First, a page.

Background Patients (pts) with RA are at increased risk for some malignancies and the use of biologic (b)DMARDs has been reported to further increase this risk.1 Abatacept (ABA), the first selective T-cell co-stimulation modulator for RA treatment, is now often prescribed as a first-line bDMARD, but long-term effects are unknown.
Objectives To assess in a real-world, observational study whether treatment with ABA had a similar malignancy risk as other biologics, with or without MTX, when used as the initial bDMARD for RA.
Methods The Truven MarketScan® Commercial and Supplemental Medicare databases were used to identify adult pts diagnosed with RA who initiated bDMARD treatment with ABA or another bDMARD between Jan 2007 and Dec 2014. Other bDMARDs included adalimumab, anakinra, certolizumab, etanercept, golimumab, infliximab, rituximab and tocilizumab. Pts were required to have ≥6 months (M) of continuous health plan enrolment before bDMARD initiation (index date) and deemed to have initiated a treatment if there was no claim for any bDMARD in the limited 6M period before bDMARD initiation. Pts who had a malignancy in the baseline 6M period were excluded. Pts were followed up from the date of the first bDMARD prescription initiation, either ABA or another bDMARD, until occurrence of a malignancy (identified by ICD-9 diagnosis code), end of enrolment in the database or end of data collection, whichever occurred first. A 6M latency period was included. Propensity scores of ABA initiation were estimated from the baseline covariates using a logistic regression model, and trimmed to include only pts with ranges common to both ABA-exposed and comparator bDMARD cohorts. The Cox proportional hazard regression model was used to provide an estimate of the hazard ratio (HR) of malignancy associated with ABA initiation compared with initiation of another bDMARD, adjusted for age and deciles of the propensity score after trimming.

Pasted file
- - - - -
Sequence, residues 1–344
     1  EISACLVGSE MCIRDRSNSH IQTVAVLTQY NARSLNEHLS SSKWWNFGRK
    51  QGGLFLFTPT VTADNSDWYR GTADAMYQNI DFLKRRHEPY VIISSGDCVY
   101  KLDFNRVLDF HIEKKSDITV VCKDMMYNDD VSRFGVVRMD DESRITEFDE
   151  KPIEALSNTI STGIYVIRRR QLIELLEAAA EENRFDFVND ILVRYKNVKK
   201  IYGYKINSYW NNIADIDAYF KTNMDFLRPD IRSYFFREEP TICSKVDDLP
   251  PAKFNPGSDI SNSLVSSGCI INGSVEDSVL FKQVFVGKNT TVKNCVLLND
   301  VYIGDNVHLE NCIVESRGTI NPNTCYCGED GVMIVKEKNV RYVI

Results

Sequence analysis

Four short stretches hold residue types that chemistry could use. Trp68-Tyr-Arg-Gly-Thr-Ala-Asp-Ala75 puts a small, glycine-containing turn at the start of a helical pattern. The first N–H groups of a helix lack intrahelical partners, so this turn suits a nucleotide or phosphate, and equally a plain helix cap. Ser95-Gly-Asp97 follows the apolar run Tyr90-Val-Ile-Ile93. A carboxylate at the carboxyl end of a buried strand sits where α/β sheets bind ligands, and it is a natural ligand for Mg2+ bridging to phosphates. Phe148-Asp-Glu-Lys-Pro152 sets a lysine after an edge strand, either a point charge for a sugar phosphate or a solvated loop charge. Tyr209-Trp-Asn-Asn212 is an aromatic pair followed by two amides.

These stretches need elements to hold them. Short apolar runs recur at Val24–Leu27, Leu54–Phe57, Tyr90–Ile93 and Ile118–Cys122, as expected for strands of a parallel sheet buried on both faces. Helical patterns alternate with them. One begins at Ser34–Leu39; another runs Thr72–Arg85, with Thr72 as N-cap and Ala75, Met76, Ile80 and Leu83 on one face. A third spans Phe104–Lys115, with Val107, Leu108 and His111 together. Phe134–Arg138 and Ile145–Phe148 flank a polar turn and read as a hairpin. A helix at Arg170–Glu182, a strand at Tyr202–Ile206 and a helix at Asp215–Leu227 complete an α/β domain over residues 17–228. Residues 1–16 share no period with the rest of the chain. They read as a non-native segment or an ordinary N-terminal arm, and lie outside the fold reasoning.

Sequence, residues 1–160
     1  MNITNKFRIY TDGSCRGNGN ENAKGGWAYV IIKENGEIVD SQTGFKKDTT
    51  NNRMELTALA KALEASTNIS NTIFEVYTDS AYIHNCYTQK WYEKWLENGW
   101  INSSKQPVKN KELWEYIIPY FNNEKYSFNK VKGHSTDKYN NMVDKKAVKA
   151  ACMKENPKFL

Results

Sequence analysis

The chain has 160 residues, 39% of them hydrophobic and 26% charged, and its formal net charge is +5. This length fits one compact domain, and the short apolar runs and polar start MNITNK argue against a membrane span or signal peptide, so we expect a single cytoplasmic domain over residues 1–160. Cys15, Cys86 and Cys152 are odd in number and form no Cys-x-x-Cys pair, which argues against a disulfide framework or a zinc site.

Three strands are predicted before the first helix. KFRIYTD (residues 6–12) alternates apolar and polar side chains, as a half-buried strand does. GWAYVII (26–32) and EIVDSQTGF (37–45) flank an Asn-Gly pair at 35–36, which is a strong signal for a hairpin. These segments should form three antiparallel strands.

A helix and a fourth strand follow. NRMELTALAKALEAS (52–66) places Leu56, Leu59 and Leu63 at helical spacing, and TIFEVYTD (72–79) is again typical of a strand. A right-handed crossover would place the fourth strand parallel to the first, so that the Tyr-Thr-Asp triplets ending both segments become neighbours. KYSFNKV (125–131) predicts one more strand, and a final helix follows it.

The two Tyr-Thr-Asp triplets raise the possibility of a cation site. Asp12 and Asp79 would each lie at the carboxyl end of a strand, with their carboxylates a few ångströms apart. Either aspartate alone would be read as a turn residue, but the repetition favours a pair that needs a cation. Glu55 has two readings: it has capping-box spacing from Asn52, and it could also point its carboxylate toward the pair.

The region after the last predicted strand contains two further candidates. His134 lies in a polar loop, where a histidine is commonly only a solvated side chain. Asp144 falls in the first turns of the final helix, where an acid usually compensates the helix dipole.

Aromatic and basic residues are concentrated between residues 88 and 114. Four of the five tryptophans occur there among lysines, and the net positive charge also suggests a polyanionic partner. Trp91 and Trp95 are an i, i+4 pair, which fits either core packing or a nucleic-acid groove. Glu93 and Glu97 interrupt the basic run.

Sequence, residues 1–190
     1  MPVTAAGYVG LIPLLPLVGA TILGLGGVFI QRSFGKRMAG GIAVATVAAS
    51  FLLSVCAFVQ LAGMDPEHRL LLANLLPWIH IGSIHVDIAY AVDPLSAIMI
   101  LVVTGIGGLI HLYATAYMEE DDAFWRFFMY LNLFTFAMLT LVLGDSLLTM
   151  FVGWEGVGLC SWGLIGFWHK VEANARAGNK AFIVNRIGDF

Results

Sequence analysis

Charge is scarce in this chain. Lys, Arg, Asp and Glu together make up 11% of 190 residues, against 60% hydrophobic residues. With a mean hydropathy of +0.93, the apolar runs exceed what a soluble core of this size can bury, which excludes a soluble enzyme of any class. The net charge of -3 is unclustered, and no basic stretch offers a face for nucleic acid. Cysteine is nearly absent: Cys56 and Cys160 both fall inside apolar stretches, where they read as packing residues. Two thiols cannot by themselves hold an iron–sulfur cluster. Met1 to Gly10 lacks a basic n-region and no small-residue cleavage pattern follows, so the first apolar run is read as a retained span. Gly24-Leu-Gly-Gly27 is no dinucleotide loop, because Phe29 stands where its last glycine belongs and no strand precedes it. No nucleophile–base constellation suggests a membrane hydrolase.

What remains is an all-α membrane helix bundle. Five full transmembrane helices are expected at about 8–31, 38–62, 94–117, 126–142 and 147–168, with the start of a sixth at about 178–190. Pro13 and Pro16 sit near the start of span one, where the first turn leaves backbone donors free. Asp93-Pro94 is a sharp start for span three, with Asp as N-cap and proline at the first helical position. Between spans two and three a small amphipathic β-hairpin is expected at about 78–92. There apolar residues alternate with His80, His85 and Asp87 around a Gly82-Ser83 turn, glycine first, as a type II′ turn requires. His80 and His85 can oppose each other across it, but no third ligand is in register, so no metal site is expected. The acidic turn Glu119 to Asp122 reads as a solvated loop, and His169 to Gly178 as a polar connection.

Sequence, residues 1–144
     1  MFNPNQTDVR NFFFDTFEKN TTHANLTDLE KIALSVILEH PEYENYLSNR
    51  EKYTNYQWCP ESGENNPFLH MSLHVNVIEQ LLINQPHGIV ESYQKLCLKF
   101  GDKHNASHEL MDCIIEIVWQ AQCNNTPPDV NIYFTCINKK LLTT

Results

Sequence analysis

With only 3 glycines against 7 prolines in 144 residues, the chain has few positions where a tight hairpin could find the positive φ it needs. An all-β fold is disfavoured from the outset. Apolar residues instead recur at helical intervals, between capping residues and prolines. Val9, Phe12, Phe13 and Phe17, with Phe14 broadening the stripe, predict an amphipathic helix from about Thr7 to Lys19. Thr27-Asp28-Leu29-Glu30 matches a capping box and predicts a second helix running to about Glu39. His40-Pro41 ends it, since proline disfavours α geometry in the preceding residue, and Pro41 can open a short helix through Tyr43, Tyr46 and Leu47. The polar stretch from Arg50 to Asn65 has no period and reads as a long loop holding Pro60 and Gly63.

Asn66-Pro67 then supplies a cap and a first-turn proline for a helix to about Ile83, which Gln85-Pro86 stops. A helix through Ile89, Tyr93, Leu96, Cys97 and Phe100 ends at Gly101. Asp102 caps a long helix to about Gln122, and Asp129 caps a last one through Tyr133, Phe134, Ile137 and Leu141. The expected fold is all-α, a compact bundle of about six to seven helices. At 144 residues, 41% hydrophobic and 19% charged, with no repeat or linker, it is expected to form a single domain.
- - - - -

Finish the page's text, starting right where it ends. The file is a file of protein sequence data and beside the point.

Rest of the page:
Results A total of 5391 pts were identified as above as having initiated bDMARD therapy with ABA and 74,315 initiated with another bDMARD, with follow-up of <8 yrs (mean 2.1 yrs). Pts who initiated ABA vs other bDMARDs were older (mean 55 vs 52 yrs), had more co-morbidity, used less MTX (49 vs 57%) and more other non-bDMARD (41 vs 36%) at baseline. After trimming on propensity scores, 565 pts developed a malignancy after ABA (incidence rate 5.0 per 100/yr) compared with 5750 after another bDMARD (incidence rate 3.6 per 100/yr). The adjusted HR (95% CI) of any malignancy with ABA initiation relative to other bDMARDs was 1.18 (1.06, 1.30), while for any malignancy excluding non-melanoma skin cancer it was 1.17 (1.02, 1.34). The risk (HR; 95% CI) was not significantly elevated for lung cancer (1.11; 0.70, 1.76), female breast cancer (1.21; 0.91, 1.62) and lymphoma (1.21; 0.77, 1.90).
Conclusions In this large, real-world study of pts treated for RA, the incidence of the most common malignancies of breast, lung and lymphoma were not significantly increased in pts using abatacept as first-line bDMARD treatment compared with other bDMARDs, though the confidence intervals were wide. The slight increase in the risk of overall malignancy with abatacept needs further investigation, particularly to assess the potential for residual confounding and the impact of the short baseline period.
Mercer LK, et al. Ann Rheum Dis 2015;74:1087–93.
Disclosure of Interest S. Suissa Consultant for: Bristol-Myers Squibb, S. Dell'Aniello: None declared, T. Simon Shareholder of: Bristol-Myers Squibb, Employee of: Bristol-Myers Squibb